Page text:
Public attitudes to digital health research repositories: Cross-sectional international survey

Giovanna Nunes Vilaza*, David Coyle, Jakob Eyvind Bardram

*Corresponding author for this work

Research output: Contribution to journalReviewResearchpeer-review

Abstract

Background: Digital health research repositories propose sharing longitudinal streams of health records and personal sensing data between multiple projects and researchers. Motivated by the prospect of personalizing patient care (precision medicine), these initiatives demand broad public acceptance and large numbers of data contributors, both of which are challenging. Objective: This study investigates public attitudes toward possibly contributing to digital health research repositories to identify factors for their acceptance and to inform future developments. Methods: A cross-sectional online survey was conducted from March 2020 to December 2020. Because of the funded project scope and a multicenter collaboration, study recruitment targeted young adults in Denmark and Brazil, allowing an analysis of the differences between 2 very contrasting national contexts. Through closed-ended questions, the survey examined participants' willingness to share different data types, data access preferences, reasons for concern, and motivations to contribute. The survey also collected information about participants' demographics, level of interest in health topics, previous participation in health research, awareness of examples of existing research data repositories, and current attitudes about digital health research repositories. Data analysis consisted of descriptive frequency measures and statistical inferences (bivariate associations and logistic regressions). Results: The sample comprises 1017 respondents living in Brazil (1017/1600, 63.56%) and 583 in Denmark (583/1600, 36.44%). The demographics do not differ substantially between participants of these countries. The majority is aged between 18 and 27 years (933/1600, 58.31%), is highly educated (992/1600, 62.00%), uses smartphones (1562/1600, 97.63%), and is in good health (1407/1600, 87.94%). The analysis shows a vast majority were very motivated by helping future patients (1366/1600, 85.38%) and researchers (1253/1600, 78.31%), yet very concerned about unethical projects (1219/1600, 76.19%), profit making without consent (1096/1600, 68.50%), and cyberattacks (1055/1600, 65.94%). Participants' willingness to share data is lower when sharing personal sensing data, such as the content of calls and texts (1206/1600, 75.38%), in contrast to more traditional health research information. Only 13.44% (215/1600) find it desirable to grant data access to private companies, and most would like to stay informed about which projects use their data (1334/1600, 83.38%) and control future data access (1181/1600, 73.81%). Findings indicate that favorable attitudes toward digital health research repositories are related to a personal interest in health topics (odds ratio [OR] 1.49, 95% CI 1.10-2.02; P=.01), previous participation in health research studies (OR 1.70, 95% CI 1.24-2.35; P=.001), and awareness of examples of research repositories (OR 2.78, 95% CI 1.83-4.38; P<.001). Conclusions: This study reveals essential factors for acceptance and willingness to share personal data with digital health research repositories. Implications include the importance of being more transparent about the goals and beneficiaries of research projects using and re-using data from repositories, providing participants with greater autonomy for choosing who gets access to which parts of their data, and raising public awareness of the benefits of data sharing for research. In addition, future developments should engage with and reduce risks for those unwilling to participate.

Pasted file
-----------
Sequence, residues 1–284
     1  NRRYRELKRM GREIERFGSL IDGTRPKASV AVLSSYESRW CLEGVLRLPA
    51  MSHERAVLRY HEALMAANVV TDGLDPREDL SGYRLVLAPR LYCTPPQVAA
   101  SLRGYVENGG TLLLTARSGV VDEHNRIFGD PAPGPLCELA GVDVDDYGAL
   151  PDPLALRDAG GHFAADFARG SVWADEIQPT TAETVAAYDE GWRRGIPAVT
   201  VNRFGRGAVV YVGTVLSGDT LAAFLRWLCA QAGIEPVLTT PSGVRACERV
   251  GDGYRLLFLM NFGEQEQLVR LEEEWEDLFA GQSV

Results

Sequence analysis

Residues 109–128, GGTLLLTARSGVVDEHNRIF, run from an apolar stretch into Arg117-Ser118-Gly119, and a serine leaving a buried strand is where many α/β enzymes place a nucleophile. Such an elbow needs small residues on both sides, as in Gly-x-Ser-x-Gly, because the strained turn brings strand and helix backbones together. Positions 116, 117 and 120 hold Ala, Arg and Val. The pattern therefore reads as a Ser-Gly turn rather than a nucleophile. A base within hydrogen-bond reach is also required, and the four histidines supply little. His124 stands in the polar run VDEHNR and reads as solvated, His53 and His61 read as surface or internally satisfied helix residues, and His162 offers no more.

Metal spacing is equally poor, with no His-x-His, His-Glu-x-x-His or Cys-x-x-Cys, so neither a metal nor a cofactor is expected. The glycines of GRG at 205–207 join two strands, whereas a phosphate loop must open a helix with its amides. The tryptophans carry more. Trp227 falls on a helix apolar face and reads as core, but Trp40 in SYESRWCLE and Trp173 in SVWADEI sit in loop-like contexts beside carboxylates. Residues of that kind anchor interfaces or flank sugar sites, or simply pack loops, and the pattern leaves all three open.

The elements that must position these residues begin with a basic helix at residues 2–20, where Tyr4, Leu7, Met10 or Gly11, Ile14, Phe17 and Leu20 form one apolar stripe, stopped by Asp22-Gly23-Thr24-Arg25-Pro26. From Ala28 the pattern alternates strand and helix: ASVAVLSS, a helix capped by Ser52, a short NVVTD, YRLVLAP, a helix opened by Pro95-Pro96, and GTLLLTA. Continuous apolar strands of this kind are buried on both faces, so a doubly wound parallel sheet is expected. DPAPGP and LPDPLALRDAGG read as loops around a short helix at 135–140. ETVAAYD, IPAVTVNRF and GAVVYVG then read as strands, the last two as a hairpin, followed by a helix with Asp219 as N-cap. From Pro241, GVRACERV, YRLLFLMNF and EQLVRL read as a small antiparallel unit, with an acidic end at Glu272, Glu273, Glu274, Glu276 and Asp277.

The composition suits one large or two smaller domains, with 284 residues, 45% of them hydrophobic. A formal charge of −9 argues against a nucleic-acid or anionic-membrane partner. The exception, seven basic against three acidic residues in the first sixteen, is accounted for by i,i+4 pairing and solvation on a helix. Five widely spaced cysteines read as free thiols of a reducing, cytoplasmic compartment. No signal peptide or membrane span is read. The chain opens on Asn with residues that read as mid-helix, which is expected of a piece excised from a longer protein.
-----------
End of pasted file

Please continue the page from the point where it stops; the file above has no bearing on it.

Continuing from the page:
Original languageEnglish
Article numbere31294
JournalJournal of Medical Internet Research
Volume23
Issue number10
ISSN1439-4456
DOIs
Publication statusPublished - 2021

Keywords

  • Digital medicine
  • Ethics
  • Health data repositories
  • Health informatics
  • Human-centered computing
  • Personal sensing
  • Technology acceptance
  • Willingness to share data

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